Until China’s Communist Party can convince the people that it values China’s national well-being above its own survival, nobody should take its promises seriously.
FORTUNE — Few would disagree that reducing China’s disturbingly high level of income inequality is one of the most difficult but critical challenges facing the nation’s new leadership, headed by Xi Jinping.
Both official figures and scholarly estimates paint a worrisome picture of unprecedented income and wealth disparity that will likely grow worse in the future. Official data on income inequality released recently (the Chinese government has refused to release such official data for years) shows that the core measure of income inequality — the Gini coefficient — peaked in 2008 and has since fallen slightly (to around 0.47 — the higher the number, the wider the income disparity). But this piece of good news has been met with disbelief, if not ridicule, since independent analysis shows no such trend. A more recent survey conducted by a joint Chinese-American research team based on surveys of several thousand households concludes that China’s Gini coefficient is 0.61, considerably higher than the official figure (only South Africa, with a Gini coefficient of 0.63, has a higher level of income inequality than China).
Even if we accept the official data, the news is hardly encouraging. High income inequality usually portends social unrest and long-term poor economic performance. In China’s case, what should make the members of the ruling Chinese Communist Party (CCP) stay awake at night is the combination of the high level of inequality, the rate of its increase, and how these trends fly in the face of the party’s nominally egalitarian ideology.
The steep cost of wealth disparity
Generally speaking, societies with huge income and wealth disparities display more symptoms of social distress and political instability. But societies in which such disparities have risen rapidly in a short period of time fare even worse. China is a prime example. In the late 1970s, the Gini coefficient in China was under 0.30. In the last three decades, it has increased more than 50% (if we use the official data). For a country ruled by a party that pays lip service to communist egalitarianism, rising income inequality poses an existential political threat. It will allow an ambitious political entrepreneur to rally disgruntled segments of society through appeals to populism, as the disgraced former Chongqing party chief Bo Xilai effectively did between 2009 and 2011.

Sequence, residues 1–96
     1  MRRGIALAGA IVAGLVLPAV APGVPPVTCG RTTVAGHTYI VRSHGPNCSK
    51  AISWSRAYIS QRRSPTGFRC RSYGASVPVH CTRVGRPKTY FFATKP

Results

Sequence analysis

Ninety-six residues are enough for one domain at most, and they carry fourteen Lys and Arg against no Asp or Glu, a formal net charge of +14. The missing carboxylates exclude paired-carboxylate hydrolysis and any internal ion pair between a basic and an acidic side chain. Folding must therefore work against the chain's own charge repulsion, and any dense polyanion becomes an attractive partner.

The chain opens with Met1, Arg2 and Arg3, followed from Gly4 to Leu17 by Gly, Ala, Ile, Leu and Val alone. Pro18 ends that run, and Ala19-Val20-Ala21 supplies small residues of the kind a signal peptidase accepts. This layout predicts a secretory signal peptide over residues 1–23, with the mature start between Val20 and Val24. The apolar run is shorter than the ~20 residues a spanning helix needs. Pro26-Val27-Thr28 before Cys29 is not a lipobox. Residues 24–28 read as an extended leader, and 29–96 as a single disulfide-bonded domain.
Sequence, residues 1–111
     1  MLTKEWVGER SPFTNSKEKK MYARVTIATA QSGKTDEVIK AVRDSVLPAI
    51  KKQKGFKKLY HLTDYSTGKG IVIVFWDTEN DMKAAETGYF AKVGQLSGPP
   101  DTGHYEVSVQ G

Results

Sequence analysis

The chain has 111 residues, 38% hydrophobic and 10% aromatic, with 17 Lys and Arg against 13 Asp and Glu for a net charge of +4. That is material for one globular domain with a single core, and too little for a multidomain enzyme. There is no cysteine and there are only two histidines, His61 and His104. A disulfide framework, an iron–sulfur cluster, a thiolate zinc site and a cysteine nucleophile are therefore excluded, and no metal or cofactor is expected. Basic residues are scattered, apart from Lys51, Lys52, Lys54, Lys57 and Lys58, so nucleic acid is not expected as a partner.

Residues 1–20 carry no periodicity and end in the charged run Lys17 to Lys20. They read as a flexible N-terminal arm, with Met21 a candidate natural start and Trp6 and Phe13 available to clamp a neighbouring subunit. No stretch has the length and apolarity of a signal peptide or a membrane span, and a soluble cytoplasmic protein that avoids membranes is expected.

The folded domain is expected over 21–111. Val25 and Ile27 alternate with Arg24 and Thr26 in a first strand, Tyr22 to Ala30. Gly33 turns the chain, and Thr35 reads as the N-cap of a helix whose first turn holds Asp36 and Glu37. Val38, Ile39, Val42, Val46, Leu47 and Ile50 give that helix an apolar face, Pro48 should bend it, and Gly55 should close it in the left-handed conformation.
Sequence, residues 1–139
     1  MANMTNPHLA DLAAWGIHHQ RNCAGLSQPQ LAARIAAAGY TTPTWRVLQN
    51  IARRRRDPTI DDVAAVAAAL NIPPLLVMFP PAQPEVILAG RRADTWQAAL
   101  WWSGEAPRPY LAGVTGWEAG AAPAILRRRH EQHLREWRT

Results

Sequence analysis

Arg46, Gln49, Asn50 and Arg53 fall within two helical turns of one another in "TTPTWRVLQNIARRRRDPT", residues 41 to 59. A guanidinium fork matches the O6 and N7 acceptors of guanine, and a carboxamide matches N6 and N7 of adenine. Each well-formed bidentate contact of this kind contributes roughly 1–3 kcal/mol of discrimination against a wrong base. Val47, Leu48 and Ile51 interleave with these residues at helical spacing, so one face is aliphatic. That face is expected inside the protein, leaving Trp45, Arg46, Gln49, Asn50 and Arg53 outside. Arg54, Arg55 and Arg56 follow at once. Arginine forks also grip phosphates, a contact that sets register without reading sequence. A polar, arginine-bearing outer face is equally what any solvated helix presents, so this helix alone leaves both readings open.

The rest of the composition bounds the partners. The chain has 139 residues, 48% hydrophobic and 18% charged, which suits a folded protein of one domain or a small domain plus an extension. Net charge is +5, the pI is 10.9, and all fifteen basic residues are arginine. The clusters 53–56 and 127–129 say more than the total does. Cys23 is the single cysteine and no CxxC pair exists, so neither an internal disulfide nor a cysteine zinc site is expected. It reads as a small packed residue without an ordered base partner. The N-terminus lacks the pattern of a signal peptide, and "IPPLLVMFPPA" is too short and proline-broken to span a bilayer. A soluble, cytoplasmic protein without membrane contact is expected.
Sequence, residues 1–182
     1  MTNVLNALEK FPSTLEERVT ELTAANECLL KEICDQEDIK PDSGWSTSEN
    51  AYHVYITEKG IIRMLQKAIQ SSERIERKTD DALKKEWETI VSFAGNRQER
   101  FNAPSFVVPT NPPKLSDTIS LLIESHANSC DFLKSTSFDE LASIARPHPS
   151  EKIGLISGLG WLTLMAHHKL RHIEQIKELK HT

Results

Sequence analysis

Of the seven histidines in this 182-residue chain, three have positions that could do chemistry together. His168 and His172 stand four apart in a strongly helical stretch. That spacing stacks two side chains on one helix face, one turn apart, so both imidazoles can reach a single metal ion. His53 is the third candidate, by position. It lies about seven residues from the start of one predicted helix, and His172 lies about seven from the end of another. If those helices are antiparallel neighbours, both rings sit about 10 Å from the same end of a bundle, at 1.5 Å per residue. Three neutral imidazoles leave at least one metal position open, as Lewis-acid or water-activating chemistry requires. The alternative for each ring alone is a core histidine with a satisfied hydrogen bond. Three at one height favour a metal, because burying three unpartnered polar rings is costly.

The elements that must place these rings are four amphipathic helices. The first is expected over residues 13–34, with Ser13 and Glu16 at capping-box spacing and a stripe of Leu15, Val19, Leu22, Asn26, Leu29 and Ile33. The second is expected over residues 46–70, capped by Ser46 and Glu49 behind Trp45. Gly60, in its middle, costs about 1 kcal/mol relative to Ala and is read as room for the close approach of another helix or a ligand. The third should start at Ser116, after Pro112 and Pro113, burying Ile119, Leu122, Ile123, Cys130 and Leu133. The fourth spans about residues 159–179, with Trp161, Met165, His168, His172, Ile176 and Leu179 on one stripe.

Obviously aware of the threat posed to its long-term survival, the CCP has vowed repeatedly that it would adopt reforms to reduce inequality. Its latest pledge is an official blueprint jointly drawn up by three key ministries — the National Development and Reform Commission, the Ministry of Finance, and the Ministry of Human Resources and Social Security. The State Council, China’s cabinet, has endorsed the document, a small but important first step in China’s complicated policy-making process (only the CCP Central Committee’s decision can give the final word).
The reaction to this document, titled “On Deepening the Reform of the System of Income Distribution,” has been mixed. On the one hand, the mere fact that such a document was released suggests that the issue of income inequality has risen to the top of the new leadership’s policy agenda — certainly a welcome development in itself. The document also reflects clear-headed thinking on addressing inequality income at a more systemic level — by both leveling the playing field (equality of opportunity) and redistributing income through policy (equality of outcome).